My past few visits to the East Broad Top and it’s phoenix like resurrection have given me an itch, and V scale, or virtual modeling, has given me an easy way to scratch it.

How can you not love the EBT? It’s one of those things, like Horseshoe Curve, that is tough to visit and come away without thoughts of “how would I model that?” rattling around on your way home.

Reality quickly set it on my latest visit though. Doing a passable job would include acquiring expensive equipment that isn’t readily available. And even then, you need a decent amount of space (especially in scales where operation would be reliable, like O) that would be filled with a layout that almost certainly would not really fulfill my operational interests. The EBT is, essentially, a conveyor belt. So building a physical model railroad just didn’t make a lot of sense.

However, this is where “V scale” really shines. It allows you to model something that would be prohibitive to do in real life on a computer. Another great thing about it is that you can do it wherever you’ve got your laptop: allowing for easy modeling while traveling. I travel a bit for work, and building an EBT layout while I do it seemed like a lot of fun.

I have Trainz Rail Simulator 2022 installed, so that’s what I’ve used.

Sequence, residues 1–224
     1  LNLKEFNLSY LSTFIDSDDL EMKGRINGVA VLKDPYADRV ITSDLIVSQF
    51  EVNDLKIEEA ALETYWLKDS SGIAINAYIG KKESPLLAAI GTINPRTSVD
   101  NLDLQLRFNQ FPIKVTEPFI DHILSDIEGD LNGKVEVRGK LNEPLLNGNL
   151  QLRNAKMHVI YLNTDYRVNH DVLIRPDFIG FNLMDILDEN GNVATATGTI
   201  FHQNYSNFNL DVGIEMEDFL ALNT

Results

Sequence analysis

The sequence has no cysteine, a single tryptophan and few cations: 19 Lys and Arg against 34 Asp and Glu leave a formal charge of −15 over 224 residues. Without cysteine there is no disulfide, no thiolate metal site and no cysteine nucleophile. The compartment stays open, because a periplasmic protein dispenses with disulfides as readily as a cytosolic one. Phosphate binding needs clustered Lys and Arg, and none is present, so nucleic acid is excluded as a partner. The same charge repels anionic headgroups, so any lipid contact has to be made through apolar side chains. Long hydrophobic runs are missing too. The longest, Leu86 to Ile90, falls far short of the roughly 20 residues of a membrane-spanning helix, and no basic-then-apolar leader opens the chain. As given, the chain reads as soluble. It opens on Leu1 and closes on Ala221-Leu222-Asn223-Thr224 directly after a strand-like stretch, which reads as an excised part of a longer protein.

There are ways to import real life terrain into the game, and someone seems to have already created a map of the real EBT doing that very thing, but I wasn’t a huge fan, and I didn’t want to really dig into building the whole railroad. Instead, I created a virtual version of a switching layout that would be a perfect bite sized project. The layout I created is a fictional branch line terminal with a coal mine (it is the EBT, after all).

I started by doing some recon on what EBT assets were available. Having access to free and cheap building materials is a real benefit of virtual model railroading too, after all. I found a number of EBT models on the Auran Download Station, including, to my great surprise, models of the early EBT equipment (including the Billmeyer & Small hoppers that were the majority of the fleet prior to the 1910s). This made me realize that not only could I do some EBT modeling virtually, but I could make something that would be incredibly challenging to do in physical form.

That’s what I’ve accomplished with the combination of the “EBT Switching Layout” and the two sessions I’ve created for it.

The layout itself consists of a small town (lets call it Wanksburg) where the branch line ends. The railroad has a few support buildings and a water tank for locomotives. There’s a two track yard with a runaround and a pair of coal mine sidings. There is also a wye for turning the locomotive.

I have also create a pair of “Sessions”, one using 1910s equipment and one using the later 20s+ equipment that everyone’s familiar with.

Each session works generally the same. The train starts at a starting point out of town and runs into town with some empty hoppers and a passenger car. Drop the passenger car, turn the engine, and then swap loads and empties at the mine before watering up and leaving town. Personally, I like the older stuff, so that’s what the screenshots below are from.

If you want to try this out… I have no idea why the files aren’t appearing on the Trainz Download Station, but you can download the EBT Switching Layout CDPs here. I don’t know which dependencies aren’t easily available right through the DLS, so drop me a note if you’re having issues and I’ll try and sort them out with you.